Trunk search incident to impaired arrest lawful: evidence admitted in murder case
In R. v. Pearson, 2017 ONCA 389, a man was killed after being shot in the back with a shotgun. The following day a police officer stopped Damian Pearson driving his car, concerned about impaired driving, given the manner in which the car was being operated. When he approached the driver’s side of the car, the officer noticed unusual redness in Pearson’s eyes. His pupils were dilated and the officer smelled burnt marijuana. Pearson was slow in retrieving his papers and failed field sobriety tests. The officer arrested Pearson for impaired driving and he searched the vehicle, seizing two shotgun shells in a knapsack in the trunk.
About two weeks later, another man was killed with a shotgun and, forensically, the shells found in Pearson’s car were similar to those used in both killings. Following further investigation, Pearson was subsequently charged with both murders and part of the evidence against him were the shotgun shells found during the traffic stop.
A judge of the Ontario Superior Court of Justice found the traffic stop and impaired driving arrest to be lawful. The purpose of the trunk and knapsack search was to locate evidence helpful to the impaired driving offence. Thus, the search was lawful as an incident to Pearson’s impaired driving arrest. The two shotgun shells were admissible as evidence and two different juries at two separate trials convicted Pearson of the two murders.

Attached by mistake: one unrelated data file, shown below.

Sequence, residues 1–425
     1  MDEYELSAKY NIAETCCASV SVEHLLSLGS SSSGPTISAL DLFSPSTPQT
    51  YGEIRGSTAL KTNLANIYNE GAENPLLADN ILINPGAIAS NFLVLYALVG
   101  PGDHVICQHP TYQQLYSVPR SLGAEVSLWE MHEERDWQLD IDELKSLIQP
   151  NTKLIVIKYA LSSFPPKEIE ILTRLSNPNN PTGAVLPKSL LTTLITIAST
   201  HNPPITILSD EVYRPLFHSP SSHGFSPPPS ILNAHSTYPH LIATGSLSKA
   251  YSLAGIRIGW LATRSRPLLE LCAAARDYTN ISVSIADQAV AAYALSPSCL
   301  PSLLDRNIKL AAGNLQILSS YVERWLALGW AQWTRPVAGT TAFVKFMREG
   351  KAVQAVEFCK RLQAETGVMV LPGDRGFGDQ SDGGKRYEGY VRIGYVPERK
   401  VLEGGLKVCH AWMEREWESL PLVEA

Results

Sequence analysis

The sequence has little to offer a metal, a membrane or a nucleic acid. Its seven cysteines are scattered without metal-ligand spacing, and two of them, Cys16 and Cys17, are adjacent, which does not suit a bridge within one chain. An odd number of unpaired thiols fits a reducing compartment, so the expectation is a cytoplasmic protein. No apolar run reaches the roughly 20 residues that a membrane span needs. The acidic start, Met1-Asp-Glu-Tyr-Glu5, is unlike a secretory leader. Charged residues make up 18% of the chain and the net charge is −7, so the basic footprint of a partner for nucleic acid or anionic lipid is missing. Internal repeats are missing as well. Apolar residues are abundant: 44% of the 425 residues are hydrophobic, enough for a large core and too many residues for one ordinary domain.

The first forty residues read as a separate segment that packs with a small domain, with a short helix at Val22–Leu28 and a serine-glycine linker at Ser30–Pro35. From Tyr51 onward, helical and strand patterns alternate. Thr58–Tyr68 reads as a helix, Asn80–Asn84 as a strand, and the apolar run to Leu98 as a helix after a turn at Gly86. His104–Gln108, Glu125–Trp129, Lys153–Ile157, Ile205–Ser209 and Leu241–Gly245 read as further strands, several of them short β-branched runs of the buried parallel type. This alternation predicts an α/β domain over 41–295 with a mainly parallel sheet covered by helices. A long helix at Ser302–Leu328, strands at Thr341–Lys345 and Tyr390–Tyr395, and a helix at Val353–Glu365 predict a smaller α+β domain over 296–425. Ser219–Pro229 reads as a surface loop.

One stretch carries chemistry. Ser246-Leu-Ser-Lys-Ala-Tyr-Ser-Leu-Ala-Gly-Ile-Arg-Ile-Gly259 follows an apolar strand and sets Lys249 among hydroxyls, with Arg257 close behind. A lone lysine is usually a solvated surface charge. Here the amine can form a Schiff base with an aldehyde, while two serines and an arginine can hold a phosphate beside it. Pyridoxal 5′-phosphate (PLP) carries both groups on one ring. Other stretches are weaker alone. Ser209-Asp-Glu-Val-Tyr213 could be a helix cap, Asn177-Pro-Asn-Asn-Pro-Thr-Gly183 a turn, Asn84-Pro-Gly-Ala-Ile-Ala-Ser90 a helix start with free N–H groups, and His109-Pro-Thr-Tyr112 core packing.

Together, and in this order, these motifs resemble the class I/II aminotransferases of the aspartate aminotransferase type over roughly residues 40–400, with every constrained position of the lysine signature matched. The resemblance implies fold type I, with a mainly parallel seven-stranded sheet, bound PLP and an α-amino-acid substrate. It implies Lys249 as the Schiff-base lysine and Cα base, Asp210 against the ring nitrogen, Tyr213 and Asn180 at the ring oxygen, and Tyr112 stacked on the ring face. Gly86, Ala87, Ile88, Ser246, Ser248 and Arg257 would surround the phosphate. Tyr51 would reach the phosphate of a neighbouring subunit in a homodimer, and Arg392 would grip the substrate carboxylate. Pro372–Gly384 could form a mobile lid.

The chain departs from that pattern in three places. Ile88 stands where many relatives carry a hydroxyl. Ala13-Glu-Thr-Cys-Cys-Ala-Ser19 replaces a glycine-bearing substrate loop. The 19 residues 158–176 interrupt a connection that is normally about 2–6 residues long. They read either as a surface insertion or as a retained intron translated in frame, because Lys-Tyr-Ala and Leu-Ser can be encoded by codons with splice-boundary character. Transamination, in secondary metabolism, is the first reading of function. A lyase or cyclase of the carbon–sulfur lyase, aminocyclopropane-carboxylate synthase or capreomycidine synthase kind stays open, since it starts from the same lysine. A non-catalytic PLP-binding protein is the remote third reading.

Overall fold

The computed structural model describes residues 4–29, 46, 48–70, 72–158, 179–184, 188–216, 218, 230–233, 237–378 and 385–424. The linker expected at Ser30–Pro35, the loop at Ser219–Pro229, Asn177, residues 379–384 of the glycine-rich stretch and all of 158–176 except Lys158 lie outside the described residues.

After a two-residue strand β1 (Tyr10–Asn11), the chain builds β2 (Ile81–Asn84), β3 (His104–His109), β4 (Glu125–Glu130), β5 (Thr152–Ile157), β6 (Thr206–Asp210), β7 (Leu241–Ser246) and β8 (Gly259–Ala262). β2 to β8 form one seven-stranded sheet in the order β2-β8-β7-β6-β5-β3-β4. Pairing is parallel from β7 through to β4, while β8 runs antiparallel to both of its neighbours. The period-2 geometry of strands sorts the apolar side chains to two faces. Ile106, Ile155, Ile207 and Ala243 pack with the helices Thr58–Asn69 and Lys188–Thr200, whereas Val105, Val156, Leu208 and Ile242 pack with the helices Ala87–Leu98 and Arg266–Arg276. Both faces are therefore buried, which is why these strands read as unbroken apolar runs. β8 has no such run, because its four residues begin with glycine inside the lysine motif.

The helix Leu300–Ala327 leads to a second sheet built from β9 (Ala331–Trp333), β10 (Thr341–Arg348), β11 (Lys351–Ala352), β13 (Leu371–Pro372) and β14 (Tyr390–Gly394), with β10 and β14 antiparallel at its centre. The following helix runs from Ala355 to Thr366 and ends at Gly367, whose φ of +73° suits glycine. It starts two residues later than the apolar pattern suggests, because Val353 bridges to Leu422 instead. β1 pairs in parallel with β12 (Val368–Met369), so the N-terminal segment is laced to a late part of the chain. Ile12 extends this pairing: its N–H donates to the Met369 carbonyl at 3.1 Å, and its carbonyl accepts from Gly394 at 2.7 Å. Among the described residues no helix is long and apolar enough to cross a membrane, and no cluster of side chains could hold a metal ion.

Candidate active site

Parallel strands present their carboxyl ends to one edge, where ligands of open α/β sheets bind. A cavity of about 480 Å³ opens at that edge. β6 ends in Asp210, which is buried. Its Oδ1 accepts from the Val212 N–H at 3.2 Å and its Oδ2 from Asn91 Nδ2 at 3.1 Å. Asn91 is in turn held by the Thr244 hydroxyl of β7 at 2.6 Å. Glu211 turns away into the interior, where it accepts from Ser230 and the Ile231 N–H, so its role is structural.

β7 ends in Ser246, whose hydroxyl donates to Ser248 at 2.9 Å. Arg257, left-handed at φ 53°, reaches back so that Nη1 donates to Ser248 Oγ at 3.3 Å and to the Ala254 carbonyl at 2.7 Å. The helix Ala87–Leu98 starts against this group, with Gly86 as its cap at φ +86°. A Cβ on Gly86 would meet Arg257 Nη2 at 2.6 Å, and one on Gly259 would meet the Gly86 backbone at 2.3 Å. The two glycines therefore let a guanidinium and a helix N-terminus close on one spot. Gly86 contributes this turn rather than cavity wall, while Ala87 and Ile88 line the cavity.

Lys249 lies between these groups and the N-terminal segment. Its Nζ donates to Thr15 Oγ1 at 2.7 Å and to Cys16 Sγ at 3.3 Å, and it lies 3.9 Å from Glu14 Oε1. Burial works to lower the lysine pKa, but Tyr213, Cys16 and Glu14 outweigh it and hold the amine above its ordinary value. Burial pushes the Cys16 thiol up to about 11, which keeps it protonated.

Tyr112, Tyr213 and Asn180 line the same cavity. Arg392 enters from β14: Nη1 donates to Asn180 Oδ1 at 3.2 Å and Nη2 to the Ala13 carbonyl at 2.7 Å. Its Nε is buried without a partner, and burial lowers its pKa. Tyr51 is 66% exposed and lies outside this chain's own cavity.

Pearson then challenged his convictions before the Ontario Court of Appeal submitting, in part, that the search of his car was not proper as an incidental to his arrest for impaired driving and therefore the shotgun shells found in it should have been excluded as evidence.
Search incident to arrest
Pearson contended that the search incident to arrest went too far. In his view, searching the trunk (and the knapsack found in the trunk) for evidence related to the impaired driving offence was unreasonable, and the search should have been confined to the area close to the driver’s seat. The Court of Appeal disagreed.
“The arrest of the [accused] for impaired driving was lawful,” said Justice Pardu, delivering the Appeal Court’s judgment. “The search was undertaken to look for marijuana and by a police officer who was not involved at all in the homicide investigations. Discovery of marijuana in the trunk of the [accused’s] car and in his knapsack would have some probative value on the issue of whether his ability to drive was impaired by marijuana. There was a reasonable basis for the officer’s actions and a reasonable prospect of finding evidence of the offence for which the [accused] had been arrested.”
Pearson’s appeal was dismissed and his convictions were upheld.
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